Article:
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Section 7: System Protection

Bill Brown, P.E., Square D Engineering Services
An important consideration in power system design is system protection. Without system protection, the power
system itself, which is intended to be of benefit to the facility in question, would itself become a hazard.
The major concern for system protection is protection against the effects of destructive, abnormally high currents.
These abnormal currents, if left unchecked, could cause fires or explosions resulting in risk to personnel and
damage to equipment. Other concerns, such as transient overvoltages, are also considered when designing
power system protection although they are generally considered only after protection against abnormal currents
has been designed.
Characterization of power system faults
Any current in excess of the rated current of equipment or the ampacity of a conductor may be considered an
overcurrent. Overcurrents can generally be categorized as overloads or faults. An overload is a condition where
load equipment draws more current that the system can safely supply. The main hazard with overload conditions
is the thermal heating effects of overloaded equipment and conductors. Faults are unintentional connections of the
power system which result in overcurrents much larger in magnitude than overloads.
Faults can be categorized in several different ways. A fault with very little impedance in the unintended connection
is referred to as a short circuit or bolted fault (the latter term is used due to the fact that a short circuit can be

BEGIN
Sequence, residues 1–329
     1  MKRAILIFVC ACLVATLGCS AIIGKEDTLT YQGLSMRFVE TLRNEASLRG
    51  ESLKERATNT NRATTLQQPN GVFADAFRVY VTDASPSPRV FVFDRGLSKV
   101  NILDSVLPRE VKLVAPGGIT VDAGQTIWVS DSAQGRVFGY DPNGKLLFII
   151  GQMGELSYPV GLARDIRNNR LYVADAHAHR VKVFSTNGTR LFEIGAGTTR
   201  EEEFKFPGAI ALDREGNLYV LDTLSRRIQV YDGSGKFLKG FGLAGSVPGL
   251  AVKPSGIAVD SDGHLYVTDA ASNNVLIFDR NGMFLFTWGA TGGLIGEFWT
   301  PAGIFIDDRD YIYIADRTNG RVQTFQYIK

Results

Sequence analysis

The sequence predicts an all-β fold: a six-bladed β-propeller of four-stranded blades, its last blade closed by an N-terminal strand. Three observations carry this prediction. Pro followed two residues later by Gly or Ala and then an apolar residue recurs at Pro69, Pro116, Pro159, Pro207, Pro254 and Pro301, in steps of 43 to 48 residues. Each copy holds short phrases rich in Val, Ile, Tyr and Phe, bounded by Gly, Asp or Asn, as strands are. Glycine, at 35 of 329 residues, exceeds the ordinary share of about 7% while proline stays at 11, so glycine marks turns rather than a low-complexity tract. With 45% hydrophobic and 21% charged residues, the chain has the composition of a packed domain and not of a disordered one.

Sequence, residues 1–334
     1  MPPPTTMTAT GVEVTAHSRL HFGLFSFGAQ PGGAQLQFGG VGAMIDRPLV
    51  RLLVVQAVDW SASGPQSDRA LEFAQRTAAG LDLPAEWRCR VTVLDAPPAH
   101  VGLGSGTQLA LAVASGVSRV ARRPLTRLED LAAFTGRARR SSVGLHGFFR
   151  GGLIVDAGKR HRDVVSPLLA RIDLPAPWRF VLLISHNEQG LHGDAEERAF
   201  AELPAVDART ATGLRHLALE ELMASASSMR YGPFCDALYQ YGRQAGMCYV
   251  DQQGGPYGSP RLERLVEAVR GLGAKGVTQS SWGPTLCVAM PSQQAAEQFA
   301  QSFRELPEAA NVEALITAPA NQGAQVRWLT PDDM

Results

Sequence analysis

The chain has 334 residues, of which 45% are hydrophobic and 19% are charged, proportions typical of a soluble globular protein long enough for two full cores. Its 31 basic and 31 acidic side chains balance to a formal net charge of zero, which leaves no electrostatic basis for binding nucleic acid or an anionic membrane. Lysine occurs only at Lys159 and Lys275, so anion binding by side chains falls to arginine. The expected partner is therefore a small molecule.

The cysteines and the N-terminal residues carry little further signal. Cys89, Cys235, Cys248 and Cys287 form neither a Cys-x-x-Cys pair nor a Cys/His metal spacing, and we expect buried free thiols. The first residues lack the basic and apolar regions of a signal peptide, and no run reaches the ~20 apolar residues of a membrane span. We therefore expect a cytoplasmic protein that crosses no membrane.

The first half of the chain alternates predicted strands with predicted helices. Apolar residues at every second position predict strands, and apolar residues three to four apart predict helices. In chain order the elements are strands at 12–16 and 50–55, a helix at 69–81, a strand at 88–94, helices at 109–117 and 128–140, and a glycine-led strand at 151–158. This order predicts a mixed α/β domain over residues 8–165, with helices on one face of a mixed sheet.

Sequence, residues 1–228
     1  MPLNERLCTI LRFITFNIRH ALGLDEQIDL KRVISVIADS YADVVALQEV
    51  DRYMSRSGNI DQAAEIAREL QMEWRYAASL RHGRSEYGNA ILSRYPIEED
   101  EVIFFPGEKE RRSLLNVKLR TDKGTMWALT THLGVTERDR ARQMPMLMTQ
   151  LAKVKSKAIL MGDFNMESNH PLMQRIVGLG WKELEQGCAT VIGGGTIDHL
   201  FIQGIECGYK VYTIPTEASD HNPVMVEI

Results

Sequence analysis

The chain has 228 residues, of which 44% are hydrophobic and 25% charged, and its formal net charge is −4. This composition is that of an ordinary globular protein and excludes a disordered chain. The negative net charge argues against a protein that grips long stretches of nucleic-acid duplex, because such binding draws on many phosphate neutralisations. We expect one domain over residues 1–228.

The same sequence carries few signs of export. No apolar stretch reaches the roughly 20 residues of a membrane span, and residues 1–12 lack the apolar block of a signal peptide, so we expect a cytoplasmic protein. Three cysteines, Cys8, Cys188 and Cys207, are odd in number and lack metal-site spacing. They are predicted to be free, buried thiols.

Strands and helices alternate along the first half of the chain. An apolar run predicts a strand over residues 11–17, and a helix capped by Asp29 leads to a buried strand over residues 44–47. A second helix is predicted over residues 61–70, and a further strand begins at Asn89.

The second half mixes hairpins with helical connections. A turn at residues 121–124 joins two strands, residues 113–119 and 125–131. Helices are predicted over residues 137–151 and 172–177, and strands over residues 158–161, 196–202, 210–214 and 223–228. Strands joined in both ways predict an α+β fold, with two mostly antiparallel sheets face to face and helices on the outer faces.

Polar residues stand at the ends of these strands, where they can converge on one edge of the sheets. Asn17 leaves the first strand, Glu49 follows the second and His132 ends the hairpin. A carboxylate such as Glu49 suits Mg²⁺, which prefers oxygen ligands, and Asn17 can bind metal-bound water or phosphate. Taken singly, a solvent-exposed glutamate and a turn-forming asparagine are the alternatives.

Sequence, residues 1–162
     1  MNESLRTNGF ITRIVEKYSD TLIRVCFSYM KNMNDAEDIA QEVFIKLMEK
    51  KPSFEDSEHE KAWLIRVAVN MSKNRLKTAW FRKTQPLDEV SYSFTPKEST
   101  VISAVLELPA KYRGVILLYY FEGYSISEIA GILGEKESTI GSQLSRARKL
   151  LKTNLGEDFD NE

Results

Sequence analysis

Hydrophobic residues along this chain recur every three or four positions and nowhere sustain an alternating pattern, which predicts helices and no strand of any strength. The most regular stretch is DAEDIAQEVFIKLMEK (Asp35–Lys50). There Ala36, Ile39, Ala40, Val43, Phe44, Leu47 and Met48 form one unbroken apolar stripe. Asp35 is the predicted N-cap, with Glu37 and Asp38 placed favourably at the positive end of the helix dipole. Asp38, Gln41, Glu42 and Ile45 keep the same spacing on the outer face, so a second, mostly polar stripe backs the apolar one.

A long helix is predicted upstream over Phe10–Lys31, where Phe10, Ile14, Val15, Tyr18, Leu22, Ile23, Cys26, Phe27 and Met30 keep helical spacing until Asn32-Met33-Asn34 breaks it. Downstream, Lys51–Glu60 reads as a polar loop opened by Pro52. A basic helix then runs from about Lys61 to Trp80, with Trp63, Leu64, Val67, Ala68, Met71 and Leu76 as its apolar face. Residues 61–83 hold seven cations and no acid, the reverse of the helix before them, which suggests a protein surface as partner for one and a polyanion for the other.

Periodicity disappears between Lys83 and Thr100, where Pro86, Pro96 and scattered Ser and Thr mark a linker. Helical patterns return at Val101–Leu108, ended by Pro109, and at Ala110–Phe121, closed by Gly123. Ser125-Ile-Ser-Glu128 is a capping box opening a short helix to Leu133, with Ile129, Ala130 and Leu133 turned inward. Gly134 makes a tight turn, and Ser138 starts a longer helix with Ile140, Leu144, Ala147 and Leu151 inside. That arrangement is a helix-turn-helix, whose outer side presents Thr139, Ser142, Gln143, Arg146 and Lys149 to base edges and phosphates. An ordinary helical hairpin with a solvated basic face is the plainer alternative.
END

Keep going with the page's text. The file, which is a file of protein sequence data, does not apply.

thought of as a bus bar inadvertently bolted across two phase conductors or from phase to ground). A fault to
ground is referred to as a ground fault. A fault between all three phases is referred to as a 3 phase fault. A fault
between two phases is referred to as a phase-to-phase fault. A fault which contains enough impedance in the
unintentional connection to significantly affect the fault current vs. a true short circuit is known as an impedance
fault. An arcing fault has the unintentional connection made via an electrical arc through an ionized gas such as
air. All of these terms are used in practice to characterize the nature of a fault.
In order to quantitatively characterize a fault, it is necessary to calculate how much fault current could be
produced at a given location in the system. In most cases this will be the three-phase short-circuit current, which
is the current produced if all three phases were shorted to each other and/or to ground. The simplest method for
illustrating this is to reduce the power system at the point in question to its Thevenin equivalent. The Thevenin
equivalent is the equivalent single voltage source and impedance that produce the same short-circuit results as
the power system itself. The Thevenin equivalent voltage V
is the open-circuit voltage at the point in question,
and the Thevenin equivalent impedance Z
is the impedance of the power system at the point in question with
the source voltage equal to zero. If a further simplification is made such that the system can be reduced to its
single-phase equivalent, then a simple 3-phase fault current calculation for the three-phase fault current I
can be performed as shown in figure 7-1:
Figure 7-1: Simplified 3-phase fault calculation
th Z
ln V V th =